Birder said...

What about an immersion blender instead of the potato masher? Or would that maybe be too over-the-top?

Unknown said...

This looks absolutely amazing!! I am going to have to make it. What a lovely recipe.

Josh said...

I can't authenticate your sauce there but, I grew up in the south and we'd call that a chili dog. Now, that you're talking about dogs and all, might I suggest brats? For me, there's only one way to do a brats. Yes, it involves a beer hot tub.

Anonymous said...

That looks like a mighty tasty dog, Chef! Boiled burger! I never knew how they did that. I love them coney dogs. I'm gonna try it two ways. this recipe and maybe try it with a little Mediterranean spice like that old Greek guy in Cincinnati!

Jesse from Detroit said...

Nice. Almost as ugly as the city. Congrats on the 1080p upgrade! You continue to inspire...

Michael James Hill said...

Detroit schmoit. I was really hoping that you would post Flint, MI Angelos coney dog. The dog is a Kogels, as others have noted. And the coney sauce is not a sauce, it is completely dry and granular. There is rumor of beef suet. Definitely there is paprika. The original owners of Angelos were Greeks. And when you "plate it up" we are talking a bed of white onion.You need to research this. When the 1970 crash came and auto workers left Flint, stands appeared in the Southwest advertising "Flint's Original Coney" for all the immigrants. Angelos is gone and the sad rumor is that this fine culinary masterpiece is no longer available. Even the net fails us. Over to you Chef John.

RubberDuck1111 said...

I can't wait to try this version. As a Flint native I dearly miss a good coney. All we have here are chili dogs which are a poor poor substitute. Jenn and Patrick are both correct. The older recipies call for beef heart and sometimes kidney however, newer recipies use "cheap" hotdogs (read non-koegel) that are ground up and added to the beef. Hearts and kidneys can be hard to find and are used as an ingredient in hotdogs, which are easier to come by. You don't want anything fany for the ground hotdogs. You want the regular, skinless, mystery meat varity.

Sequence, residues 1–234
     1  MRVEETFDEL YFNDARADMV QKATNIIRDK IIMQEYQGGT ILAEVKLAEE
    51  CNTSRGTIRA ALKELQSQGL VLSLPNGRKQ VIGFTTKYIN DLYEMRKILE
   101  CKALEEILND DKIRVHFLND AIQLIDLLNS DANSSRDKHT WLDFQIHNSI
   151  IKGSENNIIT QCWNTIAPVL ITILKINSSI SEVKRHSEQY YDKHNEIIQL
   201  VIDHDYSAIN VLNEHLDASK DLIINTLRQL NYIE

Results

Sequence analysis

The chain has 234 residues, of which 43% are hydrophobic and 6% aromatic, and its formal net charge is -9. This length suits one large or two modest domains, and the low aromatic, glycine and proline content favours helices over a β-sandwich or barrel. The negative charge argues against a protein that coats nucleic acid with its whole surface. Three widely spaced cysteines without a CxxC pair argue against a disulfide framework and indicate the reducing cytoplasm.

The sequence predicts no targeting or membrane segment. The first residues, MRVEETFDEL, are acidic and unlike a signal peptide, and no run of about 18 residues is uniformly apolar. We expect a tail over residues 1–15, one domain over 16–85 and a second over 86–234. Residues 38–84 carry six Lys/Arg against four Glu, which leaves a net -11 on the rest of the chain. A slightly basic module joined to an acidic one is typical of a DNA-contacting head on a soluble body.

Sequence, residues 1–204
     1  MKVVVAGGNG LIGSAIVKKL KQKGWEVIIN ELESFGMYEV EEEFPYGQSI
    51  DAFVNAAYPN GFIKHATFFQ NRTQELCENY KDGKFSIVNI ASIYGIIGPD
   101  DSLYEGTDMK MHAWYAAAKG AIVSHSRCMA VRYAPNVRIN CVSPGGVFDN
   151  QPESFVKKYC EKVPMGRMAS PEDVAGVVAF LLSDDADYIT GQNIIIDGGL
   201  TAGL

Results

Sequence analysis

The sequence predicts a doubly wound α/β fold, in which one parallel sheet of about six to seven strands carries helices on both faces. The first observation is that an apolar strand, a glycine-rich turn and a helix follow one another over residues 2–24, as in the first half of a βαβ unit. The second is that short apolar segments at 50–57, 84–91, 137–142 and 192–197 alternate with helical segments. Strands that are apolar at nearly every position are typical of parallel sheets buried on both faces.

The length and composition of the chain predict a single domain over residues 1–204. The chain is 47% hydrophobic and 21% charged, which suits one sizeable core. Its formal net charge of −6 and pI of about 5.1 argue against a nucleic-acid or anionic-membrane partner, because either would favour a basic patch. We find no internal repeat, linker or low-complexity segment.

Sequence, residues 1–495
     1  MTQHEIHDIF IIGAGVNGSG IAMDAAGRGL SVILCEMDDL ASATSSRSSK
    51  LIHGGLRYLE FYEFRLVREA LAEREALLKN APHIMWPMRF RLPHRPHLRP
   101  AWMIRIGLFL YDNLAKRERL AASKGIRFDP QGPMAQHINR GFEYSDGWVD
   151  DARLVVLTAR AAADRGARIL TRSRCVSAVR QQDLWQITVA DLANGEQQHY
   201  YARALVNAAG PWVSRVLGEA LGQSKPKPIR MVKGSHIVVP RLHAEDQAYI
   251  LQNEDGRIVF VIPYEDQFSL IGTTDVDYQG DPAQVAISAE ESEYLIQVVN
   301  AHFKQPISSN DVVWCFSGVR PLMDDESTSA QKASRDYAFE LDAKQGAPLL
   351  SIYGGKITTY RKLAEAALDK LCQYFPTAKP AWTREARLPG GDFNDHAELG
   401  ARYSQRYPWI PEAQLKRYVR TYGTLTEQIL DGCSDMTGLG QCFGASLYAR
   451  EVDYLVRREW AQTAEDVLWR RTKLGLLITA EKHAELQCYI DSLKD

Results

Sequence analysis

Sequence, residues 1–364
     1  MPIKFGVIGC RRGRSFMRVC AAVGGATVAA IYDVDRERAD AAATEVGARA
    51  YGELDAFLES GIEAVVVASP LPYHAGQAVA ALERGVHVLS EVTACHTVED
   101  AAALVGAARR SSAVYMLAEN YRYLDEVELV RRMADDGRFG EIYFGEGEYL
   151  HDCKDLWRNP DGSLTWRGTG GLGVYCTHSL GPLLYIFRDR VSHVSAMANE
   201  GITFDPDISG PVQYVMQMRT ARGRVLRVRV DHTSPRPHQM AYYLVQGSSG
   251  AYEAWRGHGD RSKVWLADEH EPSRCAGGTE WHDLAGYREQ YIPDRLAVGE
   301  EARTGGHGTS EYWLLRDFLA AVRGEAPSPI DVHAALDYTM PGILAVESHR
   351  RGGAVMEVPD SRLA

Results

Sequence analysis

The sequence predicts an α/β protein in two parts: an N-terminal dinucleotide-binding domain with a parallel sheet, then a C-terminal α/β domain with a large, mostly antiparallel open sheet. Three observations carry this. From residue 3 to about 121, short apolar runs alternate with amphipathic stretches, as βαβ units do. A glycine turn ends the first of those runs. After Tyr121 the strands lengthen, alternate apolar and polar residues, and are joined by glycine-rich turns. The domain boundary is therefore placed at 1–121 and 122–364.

Dave said...

Patrick Moore is absolutely correct. I have a Flint Coney Resource site at with the "What Is It?" page showing packages of Abbott's original sauce. That sauce has beef heart as its first ingredient. The site is constantly being improved and updated, and suggestions are welcome.

Unknown said...

"Wiener Routiner" Lol…. I have used this technique several times now with different ingredients. Classic meat sauce, italian, etc.. Last night it was mexican style food. I prefer the texture when its cooked this way. Thanks Chef.

Unknown said...

Thanks for the post C.J. this looks good. I have enjoyed Coneys and Chili Dogs all over this great country, but I am a Cincinnati native and have to say nothing can compare to the Cincinnati-style Coney. The chili recipie is similar to yours but with the addition of cocoa, maybe some cinnemon. The dog is assembled as you have shown but finishing with a huge pile of finely grated mild cheddar. Fabulous!

Unknown said...

Growing up in Detroit (now living in Austin) I CRAVE the real deal Detroit coney. It's truly a remarkable thing. I second all the comments made prior and would like to add that even the onions are a critical component - Vidalia onions chopped, not sliced. Enjoy!

Anonymous said...

I hope I don't come across as nasty but your photographs bear no resemblance to Detroit chili, which is very soupy. In addition, in the 20 years I lived in Detroit, I never once detected the presence of tomato in any chili I was served, either on a dog or as a "soulful bowl full." It's also my understanding that beef heart should comprise at least some of the meat.

Kristina said...

I love how this became so territorial! Guys, he didn't say one was better than the other yeesh. With that said, as a native Detroiter now living on the west coast, I had to try this recipe out. I was pleasantly surprised! The only difference I could tell between this recipe and coney island chili was the grease. Coney dogs at times can be too greasy hence the soupiness. But if that's what you're looking for you can always do three cups of water. I found two cups to be enough. There's also a mention of the chili not having a tomato base which is also true. However I only used three tablespoons and it wasn't overpowering at all. It helped loosen the base so that the meat wouldn't be as chunky with water alone. I tried initially without a little ketchup just to see the difference. Great recipe John! Now I don't have to worry about coney island being my first stop back home when I can make this at home anytime.

John said...

Hardly anything remotely coming close to Detroit sauce.